02/07/2012

Lab's Science on Saturday draws standing room only audience

Brian D Johnson, LLNL, (925) 424-2021, johnson405@llnl.gov



LLNL scientist Morgan Burks led the first Science on Saturday talk.

More than 1,100 local people and more worldwide attended the first lecture in the popular "Science on Saturday" series this past Saturday. For the first time, the program was broadcast over the Internet, allowing participants to interact with the presenter by asking questions during the presentation.

This year's Science on Saturday program, now in its 17the season, is shaping up to be the best attended of any previous year.

Chuck Rogge, a member of the board for the Livermore Valley Joint Unified School District, said: "Two students told me Science on Saturday keeps getting better every year. They told me that Saturday's program was the most exciting and informative program they've attended."

Supported by a social media program including Facebook and Twitter, thousands of people from around the world were able to attend a program led by Lab scientist Morgan Burks and Los Gatos school teacher Dan Burns entitled, "The Gamma-Ray Spectrometer at Mercury: A Seven Year Journey to the Innermost Planet."

"The lecture let the audience fly along on NASA's MESSENGER mission to the planet Mercury. On the trip to the Sun's nearest planet, the audience learned about the science and engineering that went into the mission," said Richard Farnsworth, manager of the Lab's Science Education Program.

"What made the program extra special for me was it explained the underlying science of the mission," said Jim Key, father of Spencer Key, a senior physics major at the University of California, Santa Cruz and president of the university's Society of Physics Students. "Burks and Burns explained -- and showed -- what gamma rays are, how spectrometry works and how gravity is created. The program was all about the mission, why the mission was created, how the mission works and the science inside the mission."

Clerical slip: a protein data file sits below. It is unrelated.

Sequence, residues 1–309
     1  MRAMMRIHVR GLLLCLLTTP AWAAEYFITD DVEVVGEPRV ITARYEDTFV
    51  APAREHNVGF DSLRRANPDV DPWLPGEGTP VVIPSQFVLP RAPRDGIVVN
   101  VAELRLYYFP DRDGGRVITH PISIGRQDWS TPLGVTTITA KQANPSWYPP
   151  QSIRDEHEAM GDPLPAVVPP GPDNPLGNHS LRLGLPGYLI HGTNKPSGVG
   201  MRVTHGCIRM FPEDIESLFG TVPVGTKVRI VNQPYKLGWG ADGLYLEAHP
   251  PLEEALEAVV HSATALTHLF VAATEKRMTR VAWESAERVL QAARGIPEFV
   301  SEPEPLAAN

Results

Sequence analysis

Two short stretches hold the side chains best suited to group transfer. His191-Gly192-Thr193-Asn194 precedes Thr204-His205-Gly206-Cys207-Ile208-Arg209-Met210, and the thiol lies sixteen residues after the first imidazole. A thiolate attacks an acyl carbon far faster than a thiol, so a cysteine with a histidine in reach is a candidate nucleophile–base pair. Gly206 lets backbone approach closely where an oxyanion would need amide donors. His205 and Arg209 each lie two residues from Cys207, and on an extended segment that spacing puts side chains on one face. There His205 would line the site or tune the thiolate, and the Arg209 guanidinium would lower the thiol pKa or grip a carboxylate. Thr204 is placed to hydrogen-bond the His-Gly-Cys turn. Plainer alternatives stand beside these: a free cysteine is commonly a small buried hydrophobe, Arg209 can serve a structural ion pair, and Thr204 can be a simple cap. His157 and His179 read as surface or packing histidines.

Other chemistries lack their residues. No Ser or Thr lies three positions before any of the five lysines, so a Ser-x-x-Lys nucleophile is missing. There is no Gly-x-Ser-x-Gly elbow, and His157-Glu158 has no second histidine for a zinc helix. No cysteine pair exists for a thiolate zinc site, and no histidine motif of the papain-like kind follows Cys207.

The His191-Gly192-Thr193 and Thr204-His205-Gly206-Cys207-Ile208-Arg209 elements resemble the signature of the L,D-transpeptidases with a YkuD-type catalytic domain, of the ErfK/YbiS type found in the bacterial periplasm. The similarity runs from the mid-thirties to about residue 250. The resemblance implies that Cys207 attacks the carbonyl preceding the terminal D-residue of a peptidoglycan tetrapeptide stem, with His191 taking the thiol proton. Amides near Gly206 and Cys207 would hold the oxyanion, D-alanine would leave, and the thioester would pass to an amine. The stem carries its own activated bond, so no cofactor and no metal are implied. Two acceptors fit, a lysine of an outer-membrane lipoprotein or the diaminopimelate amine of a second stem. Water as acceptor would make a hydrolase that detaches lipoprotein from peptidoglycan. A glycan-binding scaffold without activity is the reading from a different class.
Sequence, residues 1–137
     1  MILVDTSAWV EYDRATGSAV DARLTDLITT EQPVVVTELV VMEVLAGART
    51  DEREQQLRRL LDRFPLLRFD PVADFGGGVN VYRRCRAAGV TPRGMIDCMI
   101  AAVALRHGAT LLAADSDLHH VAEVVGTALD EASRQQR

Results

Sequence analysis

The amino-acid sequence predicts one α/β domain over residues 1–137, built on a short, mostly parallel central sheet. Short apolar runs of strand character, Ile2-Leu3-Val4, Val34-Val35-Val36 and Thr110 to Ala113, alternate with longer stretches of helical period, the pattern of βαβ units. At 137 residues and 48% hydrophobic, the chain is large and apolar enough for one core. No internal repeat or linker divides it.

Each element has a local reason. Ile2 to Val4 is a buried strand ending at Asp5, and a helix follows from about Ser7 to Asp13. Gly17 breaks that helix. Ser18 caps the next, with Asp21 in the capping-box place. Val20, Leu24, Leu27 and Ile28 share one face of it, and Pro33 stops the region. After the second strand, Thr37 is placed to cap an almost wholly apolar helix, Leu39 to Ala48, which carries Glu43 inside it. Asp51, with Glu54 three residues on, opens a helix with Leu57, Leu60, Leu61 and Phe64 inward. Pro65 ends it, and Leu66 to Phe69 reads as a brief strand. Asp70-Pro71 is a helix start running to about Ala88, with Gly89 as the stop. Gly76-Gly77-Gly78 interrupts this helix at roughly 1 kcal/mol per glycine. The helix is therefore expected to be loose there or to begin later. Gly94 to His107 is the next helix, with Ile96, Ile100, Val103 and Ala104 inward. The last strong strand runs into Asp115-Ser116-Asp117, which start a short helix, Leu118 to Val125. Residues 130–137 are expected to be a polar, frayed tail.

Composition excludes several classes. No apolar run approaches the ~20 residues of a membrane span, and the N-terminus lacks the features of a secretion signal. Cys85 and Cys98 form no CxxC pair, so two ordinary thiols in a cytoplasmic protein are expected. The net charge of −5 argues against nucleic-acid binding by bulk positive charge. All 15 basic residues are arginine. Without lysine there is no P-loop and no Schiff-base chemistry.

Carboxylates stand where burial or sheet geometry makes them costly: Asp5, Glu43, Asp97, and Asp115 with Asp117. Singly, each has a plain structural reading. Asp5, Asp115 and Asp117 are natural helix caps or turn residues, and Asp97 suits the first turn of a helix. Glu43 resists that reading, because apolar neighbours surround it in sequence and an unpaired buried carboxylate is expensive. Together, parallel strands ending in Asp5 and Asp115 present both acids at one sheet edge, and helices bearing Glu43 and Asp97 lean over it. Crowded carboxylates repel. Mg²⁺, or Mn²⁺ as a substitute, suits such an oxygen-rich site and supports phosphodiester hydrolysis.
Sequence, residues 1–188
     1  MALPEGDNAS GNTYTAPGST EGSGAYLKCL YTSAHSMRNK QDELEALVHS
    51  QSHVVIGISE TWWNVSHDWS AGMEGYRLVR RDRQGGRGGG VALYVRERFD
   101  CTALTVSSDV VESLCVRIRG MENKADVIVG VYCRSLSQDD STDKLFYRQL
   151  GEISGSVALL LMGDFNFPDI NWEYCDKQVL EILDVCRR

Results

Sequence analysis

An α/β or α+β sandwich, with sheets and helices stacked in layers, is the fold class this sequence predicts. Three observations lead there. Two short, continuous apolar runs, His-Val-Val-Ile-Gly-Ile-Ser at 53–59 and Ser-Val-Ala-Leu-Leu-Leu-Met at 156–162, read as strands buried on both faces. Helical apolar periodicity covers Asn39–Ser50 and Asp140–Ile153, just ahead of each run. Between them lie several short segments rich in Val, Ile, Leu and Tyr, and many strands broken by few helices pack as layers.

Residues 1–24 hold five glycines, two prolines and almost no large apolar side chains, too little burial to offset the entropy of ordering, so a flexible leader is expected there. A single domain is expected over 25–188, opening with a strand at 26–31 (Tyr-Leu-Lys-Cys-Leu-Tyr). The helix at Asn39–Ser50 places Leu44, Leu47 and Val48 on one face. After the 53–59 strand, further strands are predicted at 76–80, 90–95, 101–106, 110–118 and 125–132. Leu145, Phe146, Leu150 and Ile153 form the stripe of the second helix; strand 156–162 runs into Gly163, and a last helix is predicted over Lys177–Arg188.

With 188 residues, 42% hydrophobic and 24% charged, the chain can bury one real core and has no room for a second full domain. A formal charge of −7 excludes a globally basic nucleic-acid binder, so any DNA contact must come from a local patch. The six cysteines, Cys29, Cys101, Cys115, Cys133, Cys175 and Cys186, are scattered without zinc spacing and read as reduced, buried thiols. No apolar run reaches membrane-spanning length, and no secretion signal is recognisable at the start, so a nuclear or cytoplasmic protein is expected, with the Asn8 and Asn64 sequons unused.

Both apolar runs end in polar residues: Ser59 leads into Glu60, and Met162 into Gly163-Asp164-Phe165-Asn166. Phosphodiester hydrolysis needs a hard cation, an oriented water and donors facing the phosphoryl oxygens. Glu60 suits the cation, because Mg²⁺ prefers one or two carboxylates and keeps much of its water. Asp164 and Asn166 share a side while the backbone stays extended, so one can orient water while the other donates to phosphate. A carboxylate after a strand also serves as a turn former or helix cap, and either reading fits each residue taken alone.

Science on Saturday is funded by the deputy director for Science & Technology, Tomas Diaz de la Rubia. "Right now," said Diaz de la Rubia, "MESSENGER is orbiting around Mercury and not a single textbook on Earth has anything about it. Science on Saturdays lets kids learn about the mission first hand from one of the people responsible for designing and building it."

Farnsworth said: "The program is deeply altruistic but includes the Lab's enlightened self-interest. Today, a 14-year-old middle school student is preparing for a career decision and in 10 years could have a Ph.D. and an offer from the Lab. If the Lab sparked that student's interest in science and technology and shaped a career decision, then the nation as a whole -- and perhaps the Lab in particular -- is better off."

Saturday's event drew 91 online viewers, seven of which posed questions for the presenters to address during the live event.

"We're starting to use social media to expand the reach of Science on Saturday events," said Nolan O'Brien, a Lab employee who is helping the program reach students in cyberspace. "Everyone here at the Lab can play an immediate role in motivating students to consider a future in science. If half of the Lab's employees shared this Saturday's event invitation or within their personal networks on Facebook, we would expand our reach terrifically."


LLNL scientist Morgan Burks talks with students after the presentation.

One interesting outcome of broadcasting and archiving the program on the internet came from Burks: "My mother in Eureka Springs, Ark. was able to watch the program today. She's never had the chance to really see me at work before."

People can watch the archived program either over the Lab's official Facebook page  or on the Lab's LiveStream channel.

"I'm glad people around the planet can watch and learn," Spencer Key said. "It's an important for people wherever they live. The MESSENGER mission benefits everyone on Earth, so it's good people around the world know more about it."

The next Science on Saturday programs include:

Feb. 11: "Sleuthing Seismic Signals: Understanding Earthquake Hazard and Monitoring Nuclear Explosions," by LLNL scientist Sean Ford and teacher Ken Wedel.

Feb. 18: "Space Junk: Traffic Cops in Space," by LLNL scientist John Henderson and teacher Tom Shefler.

March 3: "Restoring Sight to the Blind: Bridging the Medical Gap with Technology," by LLNL scientist Sat Pannu and teacher Kirk Brown.




Founded in 1952, Lawrence Livermore National Laboratory provides solutions to our nation's most important national security challenges through innovative science, engineering and technology. Lawrence Livermore National Laboratory is managed by Lawrence Livermore National Security, LLC for the U.S. Department of Energy's National Nuclear Security Administration.